Paula Hayes
June 19–August 22

Climb to the gallery's rooftop for a view, not of the city, but of Paula Hayes's elegant design for the urban garden: minimalist silicone planters and other objects, organically shaped and sometimes translucent, plus birdhouses that Philip Guston might have imagined. The gallery itself will show Hayes's intricate terrariums housed inside elliptical vessels of hand-blown glass, as well as a film (a "dynamic poem") on the concepts behind her art. Marianne Boesky Gallery, 509 West 24th Street,

WK Interact and Space Invader
June 27–July 25

Graham enacts Performer/Audience/Mirror in Amsterdam, 1977
Courtesy Dan Graham
Graham enacts Performer/Audience/Mirror in Amsterdam, 1977

The styles of these two street artists, both originally from France, couldn't be further apart. WK, with his intriguing mix of action painting and action scenes, presents a dozen large black-and-white portraits titled Twelve Angry Men: snarling faces caught in vortices of anxious paint. For his part, Invader brings his colorful "pixelated" mosaics, cleverly assembled with Rubik's cubes, of movie villains and characters (his trademark) from early low-res video games. Jonathan LeVine Gallery, 529 West 20th Street,

James Ensor
June 28–September 21

What inspired They Might Be Giants to write that insipid little bubblegum tune "Meet James Ensor" is anyone's guess, but it couldn't have been the Belgian artist's strange, and sometimes hilarious, scenes of skeletons, corpses, and masked citizenry. Ensor's garish palette, thick paint, and flattened planes prefigured modernism (the surrealists loved him), and his best works (from the 1890s) still appear so fresh that you might mistake them for products of a Chelsea wit, like Skeletons Fighting Over a Pickled Herring. Meet James Ensor. Museum of Modern Art, 11 West 53rd Street,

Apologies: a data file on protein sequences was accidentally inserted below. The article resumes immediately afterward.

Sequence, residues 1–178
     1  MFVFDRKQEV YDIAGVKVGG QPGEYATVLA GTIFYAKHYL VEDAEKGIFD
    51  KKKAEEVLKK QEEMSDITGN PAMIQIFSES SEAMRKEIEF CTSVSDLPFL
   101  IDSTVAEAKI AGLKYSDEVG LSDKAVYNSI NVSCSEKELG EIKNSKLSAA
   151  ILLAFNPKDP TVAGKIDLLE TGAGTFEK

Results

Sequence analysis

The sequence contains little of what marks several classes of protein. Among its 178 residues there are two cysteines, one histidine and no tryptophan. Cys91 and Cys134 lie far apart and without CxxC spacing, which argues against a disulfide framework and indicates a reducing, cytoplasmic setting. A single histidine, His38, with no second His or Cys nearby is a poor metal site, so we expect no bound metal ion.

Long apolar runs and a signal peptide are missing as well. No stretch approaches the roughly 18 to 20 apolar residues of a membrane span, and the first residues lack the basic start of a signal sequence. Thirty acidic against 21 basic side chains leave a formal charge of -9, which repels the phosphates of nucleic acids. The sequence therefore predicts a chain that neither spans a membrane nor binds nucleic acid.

'Black Acid Co-op'
July 2–August 15

Justin Lowe and Jonah Freeman described their last labyrinthine installation of a druggie den, Hello Meth Lab in the Sun, as "a world reminiscent of Norman Mailer's 50th birthday party and the final scene in Rosemary's Baby," so expect more horror and heroin for their new project, Black Acid Co-op, a series of interconnected cinematic dioramas depicting a counterculture enclave—a gritty, Gothic funhouse sure to be a kick. Deitch Projects, 18 Wooster,

Hurvin Anderson
July 16–October 25

Born to Jamaican parents in England, Hurvin Anderson paints dreamy scenes of the immigrant experience and the Caribbean, giving his interiors and landscapes the quality of indistinct memories through selective and gentle abstraction. In their fine balance of planar color and an emphasis on geometric elements, Anderson's works suggest influences from David Hockney or Richard Diebenkorn, but carry more colloquial interests: an attic office, a rural home, the makeshift barbershop. Calm and unpretentious, the paintings are masterful for their restraint. The Studio Museum, 144 West 125th Street,

‘In & Out of Amsterdam: Travels in Conceptual Art, 1960–1976’
July 19–October 5

In the 1960s and '70s, the liberal culture of Amsterdam became a mecca for artists of the avant-garde. This exhibit, which promises to be one of the summer's liveliest, gathers 120 works from a number of the era's edgy conceptualists who completed or exhibited work in the city. Among them are the inseparable Gilbert and George, whose lives became their art; the late Hanne Darboven, with her dense drawings of repeated numbers, figures, and lines; and the Chaplinesque Bas Jan Ader, who made those sad little films about falling. Museum of Modern Art, 11 West 53rd Street,

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